It’s always the anniversary of something or other. In November, we have the Russian Revolution and the Balfour Declaration, and this week marks the 500th year since Martin Luther challenged the Roman Catholic Church with his 95 theses. Given the loopy zeitgeist of our times, I should rush into the street and mark the occasion by defacing Protestant churches with the customary red paint of protest. Luther, after all, was more than the creator of Protestantism. He was also a rotten anti-Semite.
The red paint has in recent days been splashed on the statue of Theodore Roosevelt that stands before New York’s American Museum of Natural History. The old Rough Rider is accused of championing colonialism (guilty) and embracing much of the racism of his times (guilty). For example, he was fond of saying “I don’t go so far as to think that the only good Indians are dead Indians, but I believe nine out of ten are, and I shouldn’t like to inquire too closely into the case of the 10th.”
A bit farther downtown, the statue of Christopher Columbus has been similarly assailed, he for his brutal, genocidal treatment of the Arawak Indians, of whom there are few left. Chris long ago got his holiday, but he is finally also getting his due. The same applies to the many statues of Civil War figures, extolled in bronze or whatever for their gallant defense of slavery and racism. Some of these got the red-paint treatment and have come down. It’s about time. Treason can sometimes be noble; racism never is.
But does Luther also deserve a splash of red? The evidence is pretty shocking, not to mention definitive. In 1543, he published “On the Jews and Their Lies,” in which he called my ancestors “base and whoring people” full of the “devil’s feces . . . they wallow in like swine.” He had all sorts of ideas for what to do with the Jews, including the wholesale liquidation of their synagogues, even homes, and a ban on the teaching of their rabbis “on pain of loss of life and limb.”
To be sure, Luther’s Jew-hatred was typical for the time, but Luther himself was hardly typical. He was a powerful, colloquial writer, and his words surely had some effect. He was the founder of a church, or a movement, that now numbers nearly 1 billion. But more pertinently, he provided a religious imprimatur to German anti-Semitism, which culminated in the Holocaust. Luther was often cited by the Nazis, but it would be wrong to blame him alone for the murder of 6 million souls.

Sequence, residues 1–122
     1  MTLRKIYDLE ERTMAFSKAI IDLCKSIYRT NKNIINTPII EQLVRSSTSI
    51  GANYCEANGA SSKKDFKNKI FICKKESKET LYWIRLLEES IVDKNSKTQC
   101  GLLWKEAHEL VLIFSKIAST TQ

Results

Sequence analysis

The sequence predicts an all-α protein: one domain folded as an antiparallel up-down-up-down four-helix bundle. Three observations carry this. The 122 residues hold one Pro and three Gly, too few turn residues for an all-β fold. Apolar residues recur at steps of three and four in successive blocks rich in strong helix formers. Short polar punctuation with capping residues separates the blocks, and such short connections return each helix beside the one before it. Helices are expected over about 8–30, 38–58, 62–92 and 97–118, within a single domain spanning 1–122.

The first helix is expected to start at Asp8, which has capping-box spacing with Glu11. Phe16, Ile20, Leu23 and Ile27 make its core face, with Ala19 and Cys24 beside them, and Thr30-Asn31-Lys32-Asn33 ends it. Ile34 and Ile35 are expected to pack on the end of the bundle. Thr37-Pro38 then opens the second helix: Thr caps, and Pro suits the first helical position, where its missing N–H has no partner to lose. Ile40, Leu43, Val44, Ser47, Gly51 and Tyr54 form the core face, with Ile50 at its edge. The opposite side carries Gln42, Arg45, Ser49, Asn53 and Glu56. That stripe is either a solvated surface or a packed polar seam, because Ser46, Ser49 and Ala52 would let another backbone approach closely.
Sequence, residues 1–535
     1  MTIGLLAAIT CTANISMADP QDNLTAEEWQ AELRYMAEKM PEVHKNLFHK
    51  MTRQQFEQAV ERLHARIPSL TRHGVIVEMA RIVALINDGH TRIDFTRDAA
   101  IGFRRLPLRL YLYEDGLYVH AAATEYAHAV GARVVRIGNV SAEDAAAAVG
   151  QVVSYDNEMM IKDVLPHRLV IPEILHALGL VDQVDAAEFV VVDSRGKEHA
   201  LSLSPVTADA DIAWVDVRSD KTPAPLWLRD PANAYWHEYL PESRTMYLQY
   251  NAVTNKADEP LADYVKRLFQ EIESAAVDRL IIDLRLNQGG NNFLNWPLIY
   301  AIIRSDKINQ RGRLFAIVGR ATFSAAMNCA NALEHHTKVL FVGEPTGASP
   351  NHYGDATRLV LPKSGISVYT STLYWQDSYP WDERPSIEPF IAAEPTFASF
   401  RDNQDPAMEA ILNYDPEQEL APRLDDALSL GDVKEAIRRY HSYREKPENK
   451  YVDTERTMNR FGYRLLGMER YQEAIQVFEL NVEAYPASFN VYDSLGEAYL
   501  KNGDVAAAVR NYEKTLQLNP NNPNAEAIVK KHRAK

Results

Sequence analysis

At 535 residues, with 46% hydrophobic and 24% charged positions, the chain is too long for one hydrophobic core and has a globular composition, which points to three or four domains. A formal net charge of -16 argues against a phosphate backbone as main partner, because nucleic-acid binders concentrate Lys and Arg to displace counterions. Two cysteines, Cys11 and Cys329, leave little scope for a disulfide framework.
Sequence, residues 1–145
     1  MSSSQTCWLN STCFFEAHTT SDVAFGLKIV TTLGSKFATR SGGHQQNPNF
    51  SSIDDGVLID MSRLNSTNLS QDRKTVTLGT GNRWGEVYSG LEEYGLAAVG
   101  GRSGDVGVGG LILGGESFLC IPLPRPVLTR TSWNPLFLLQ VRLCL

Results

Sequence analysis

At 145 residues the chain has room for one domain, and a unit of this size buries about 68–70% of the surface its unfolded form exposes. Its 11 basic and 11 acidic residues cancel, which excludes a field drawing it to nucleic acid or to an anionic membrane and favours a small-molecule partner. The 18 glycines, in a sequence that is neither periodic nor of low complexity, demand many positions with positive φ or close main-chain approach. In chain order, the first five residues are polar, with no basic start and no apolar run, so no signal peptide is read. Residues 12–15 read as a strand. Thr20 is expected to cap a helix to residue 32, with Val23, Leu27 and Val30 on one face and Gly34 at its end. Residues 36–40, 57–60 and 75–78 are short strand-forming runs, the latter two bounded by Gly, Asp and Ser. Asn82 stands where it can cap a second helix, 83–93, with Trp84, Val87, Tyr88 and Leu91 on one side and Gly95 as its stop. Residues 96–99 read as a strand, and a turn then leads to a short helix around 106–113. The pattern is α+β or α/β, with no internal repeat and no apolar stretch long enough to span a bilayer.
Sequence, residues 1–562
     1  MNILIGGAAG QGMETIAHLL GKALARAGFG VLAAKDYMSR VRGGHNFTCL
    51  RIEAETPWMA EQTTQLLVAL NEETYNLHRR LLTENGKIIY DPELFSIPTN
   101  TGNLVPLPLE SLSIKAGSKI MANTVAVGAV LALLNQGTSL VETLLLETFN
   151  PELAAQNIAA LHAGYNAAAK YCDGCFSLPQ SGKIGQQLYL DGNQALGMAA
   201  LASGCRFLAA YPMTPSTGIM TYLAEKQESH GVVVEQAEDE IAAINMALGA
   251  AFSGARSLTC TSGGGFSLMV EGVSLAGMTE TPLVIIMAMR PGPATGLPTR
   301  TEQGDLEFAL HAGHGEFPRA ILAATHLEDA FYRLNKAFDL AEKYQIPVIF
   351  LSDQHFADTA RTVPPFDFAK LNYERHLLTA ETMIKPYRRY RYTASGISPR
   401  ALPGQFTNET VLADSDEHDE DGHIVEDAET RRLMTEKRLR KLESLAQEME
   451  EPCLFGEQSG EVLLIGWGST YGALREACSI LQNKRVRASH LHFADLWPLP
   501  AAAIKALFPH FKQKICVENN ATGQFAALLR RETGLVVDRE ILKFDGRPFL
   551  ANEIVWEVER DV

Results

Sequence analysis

As far as I’m concerned, Luther is a flawed figure. I can appreciate — even applaud — his reforms, but they mean little to me. Nevertheless, I spare him the red paint because I know his Jew-hatred is hugely negligible compared with the Reformation he initiated and, not insignificantly, the role he played in encouraging literacy. He wrote in German, not Latin, and like the Hebrews he so despised, he interposed no one between man and God. One had to read the Bible.
I apply the same rule to ol’ TR and Columbus, as well as Woodrow Wilson (no doubt a racist) and the countless personages who lent their names and often ill-gotten fortunes to various institutions. Roosevelt too was a man of his times, but he was also the first president to have a black person as a guest in the White House. In 1901, Booker T. Washington came to dinner. As Roosevelt’s biographer, Edmund Morris, points out, it was an astonishing act of racial tolerance for the era.
So, I listen to J.S. Bach, even though some of his sacred works soar on words of jarring anti-Semitism (it helps not to understand German), and I read Hemingway even though his depiction of Robert Cohn in “The Sun Also Rises” as a “kike” is just plain ugly. I make no allowance for Charles Lindbergh because his anti-Semitism endangered lives and because flying solo across the ocean was a stunt. (In a sense, so was Columbus’s voyage; someone was going to do it.)
I pick and choose, my symbolic can of red paint always at the ready. But when it comes to those Confederate generals, they unambiguously stand for slavery, racism and the vile nostalgia for the so-called Lost Cause that prompted the erection of so many memorials. I cherish my Bach, feel bully about TR and acknowledge the immense importance of Martin Luther. He did more good than bad.
Happy anniversary, Martin!
(The Washington Post)